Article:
The nerve damage, a hallmark of leprosy previously thought to be a byproduct of the immune systems response to the leprosy bacteria, now seems to be a direct result of the leprosy bug attaching itself to specialized nerve cells called Schwann cells, the glial, or supporting, cells of the peripheral nervous system (PNS).
The findings suggest that the bodys immune response does not play a significant role in the early stage of neurological injury.
The damage is characterized by the disruption of the myelin sheath, the insulation on nerve cell connections that helps transmit rapid signals between the brain and the peripheral organs, for example, skin and muscles. Damage to myelin causes loss of sensation, disability and paralysis.
Using laboratory cell tissue cultures and mice genetically manipulated to lack two key immune system cells, the research team, led by Rockefeller University microbiologist/cell biologist Anura Rambukkana, Ph.D., showed that Mycobacterium leprae (M. leprae), the bacterium that causes leprosy, destroys the protective myelin sheath that surrounds nerve fibers and then hides out in the supporting cells that enclose non-myelin nerve fibers, poised to initiate later attacks.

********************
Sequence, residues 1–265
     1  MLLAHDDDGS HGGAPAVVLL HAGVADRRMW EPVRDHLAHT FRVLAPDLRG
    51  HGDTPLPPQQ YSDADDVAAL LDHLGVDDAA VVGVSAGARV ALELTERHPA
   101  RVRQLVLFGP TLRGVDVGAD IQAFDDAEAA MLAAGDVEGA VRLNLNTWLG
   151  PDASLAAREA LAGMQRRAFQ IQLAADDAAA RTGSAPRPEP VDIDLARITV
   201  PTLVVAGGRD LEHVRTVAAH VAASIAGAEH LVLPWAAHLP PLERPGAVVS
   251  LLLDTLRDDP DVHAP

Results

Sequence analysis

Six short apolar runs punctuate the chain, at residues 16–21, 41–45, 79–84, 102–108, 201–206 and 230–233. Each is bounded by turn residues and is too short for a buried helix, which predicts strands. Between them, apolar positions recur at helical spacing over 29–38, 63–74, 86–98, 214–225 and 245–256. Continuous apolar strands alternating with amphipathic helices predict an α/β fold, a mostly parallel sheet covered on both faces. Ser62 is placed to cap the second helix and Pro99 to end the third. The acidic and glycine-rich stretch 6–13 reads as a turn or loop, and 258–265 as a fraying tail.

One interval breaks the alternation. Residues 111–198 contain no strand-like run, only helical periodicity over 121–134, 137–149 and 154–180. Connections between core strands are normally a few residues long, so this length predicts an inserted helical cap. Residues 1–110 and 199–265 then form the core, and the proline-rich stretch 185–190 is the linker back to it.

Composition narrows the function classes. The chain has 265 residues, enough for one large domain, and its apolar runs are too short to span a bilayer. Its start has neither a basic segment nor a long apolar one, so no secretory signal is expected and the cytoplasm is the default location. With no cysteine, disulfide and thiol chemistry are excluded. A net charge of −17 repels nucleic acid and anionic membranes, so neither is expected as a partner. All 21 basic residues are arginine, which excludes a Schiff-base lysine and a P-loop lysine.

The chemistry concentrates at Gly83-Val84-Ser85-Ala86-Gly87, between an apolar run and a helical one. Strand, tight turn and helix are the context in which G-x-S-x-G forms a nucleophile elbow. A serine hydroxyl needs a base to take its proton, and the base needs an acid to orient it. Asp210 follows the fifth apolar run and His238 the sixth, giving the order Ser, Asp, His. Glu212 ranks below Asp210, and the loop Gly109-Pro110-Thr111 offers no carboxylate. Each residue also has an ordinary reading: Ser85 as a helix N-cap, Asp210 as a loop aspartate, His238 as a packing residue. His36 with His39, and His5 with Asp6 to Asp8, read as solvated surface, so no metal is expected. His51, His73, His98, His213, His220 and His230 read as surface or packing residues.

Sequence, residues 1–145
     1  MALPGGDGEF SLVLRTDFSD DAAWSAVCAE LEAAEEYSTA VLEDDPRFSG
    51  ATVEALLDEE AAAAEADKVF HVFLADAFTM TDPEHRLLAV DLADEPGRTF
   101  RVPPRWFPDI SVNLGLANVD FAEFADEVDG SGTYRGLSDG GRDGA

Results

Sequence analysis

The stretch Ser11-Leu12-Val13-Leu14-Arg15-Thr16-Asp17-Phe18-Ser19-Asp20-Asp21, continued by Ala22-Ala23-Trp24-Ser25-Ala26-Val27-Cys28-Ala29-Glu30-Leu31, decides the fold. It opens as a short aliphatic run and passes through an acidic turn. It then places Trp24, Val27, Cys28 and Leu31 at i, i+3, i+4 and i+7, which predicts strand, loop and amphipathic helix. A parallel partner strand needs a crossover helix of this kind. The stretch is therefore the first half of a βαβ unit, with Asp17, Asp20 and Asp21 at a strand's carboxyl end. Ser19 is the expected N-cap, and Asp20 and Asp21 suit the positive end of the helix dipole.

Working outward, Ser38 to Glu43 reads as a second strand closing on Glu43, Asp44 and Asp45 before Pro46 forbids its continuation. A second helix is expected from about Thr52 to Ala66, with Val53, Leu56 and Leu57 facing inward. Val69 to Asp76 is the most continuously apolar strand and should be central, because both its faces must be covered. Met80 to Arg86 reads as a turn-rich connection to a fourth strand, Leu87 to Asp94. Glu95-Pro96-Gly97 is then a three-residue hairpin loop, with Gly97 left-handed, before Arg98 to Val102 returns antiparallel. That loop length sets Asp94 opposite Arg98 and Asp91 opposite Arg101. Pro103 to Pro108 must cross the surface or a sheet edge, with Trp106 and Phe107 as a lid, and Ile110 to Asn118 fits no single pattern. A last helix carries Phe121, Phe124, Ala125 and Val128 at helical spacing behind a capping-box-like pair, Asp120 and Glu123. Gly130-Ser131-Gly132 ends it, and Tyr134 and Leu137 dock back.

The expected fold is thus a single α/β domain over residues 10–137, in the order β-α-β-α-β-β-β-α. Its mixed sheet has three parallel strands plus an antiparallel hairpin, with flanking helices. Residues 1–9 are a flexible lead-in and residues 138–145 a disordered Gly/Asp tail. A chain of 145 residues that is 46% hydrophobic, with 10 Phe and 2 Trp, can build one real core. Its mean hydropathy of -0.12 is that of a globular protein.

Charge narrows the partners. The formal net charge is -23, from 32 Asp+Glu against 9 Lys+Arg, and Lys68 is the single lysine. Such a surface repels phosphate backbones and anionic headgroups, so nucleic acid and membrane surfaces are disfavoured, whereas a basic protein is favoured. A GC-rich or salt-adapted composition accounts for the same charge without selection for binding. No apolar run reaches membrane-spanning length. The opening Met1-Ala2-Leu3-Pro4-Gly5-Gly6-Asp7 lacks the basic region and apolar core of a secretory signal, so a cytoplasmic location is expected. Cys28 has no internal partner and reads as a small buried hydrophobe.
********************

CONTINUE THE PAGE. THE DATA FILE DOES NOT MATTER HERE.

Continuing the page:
"What we show here is a novel mechanism of inducing demyelination by a bacterial pathogen," says Rambukkana. "This may unravel clues for early molecular events of neurodegeneration processes in other diseases, such as multiple sclerosis, which we currently know littleabout."
"By using this bacteria we will be able to obtain novel insight not only into the mechanism of the early demyelination process, but also how the complex molecular architecture of the demyelinated fiber is disr